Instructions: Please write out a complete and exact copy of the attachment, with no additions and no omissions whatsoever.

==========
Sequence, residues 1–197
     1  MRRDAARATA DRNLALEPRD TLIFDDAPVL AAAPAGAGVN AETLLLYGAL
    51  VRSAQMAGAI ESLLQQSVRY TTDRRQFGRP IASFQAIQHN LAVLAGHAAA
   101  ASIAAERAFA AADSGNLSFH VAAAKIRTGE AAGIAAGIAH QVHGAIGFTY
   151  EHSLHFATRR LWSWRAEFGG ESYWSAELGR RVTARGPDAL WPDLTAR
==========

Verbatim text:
Sequence, residues 1–197
     1  MRRDAARATA DRNLALEPRD TLIFDDAPVL AAAPAGAGVN AETLLLYGAL
    51  VRSAQMAGAI ESLLQQSVRY TTDRRQFGRP IASFQAIQHN LAVLAGHAAA
   101  ASIAAERAFA AADSGNLSFH VAAAKIRTGE AAGIAAGIAH QVHGAIGFTY
   151  EHSLHFATRR LWSWRAEFGG ESYWSAELGR RVTARGPDAL WPDLTAR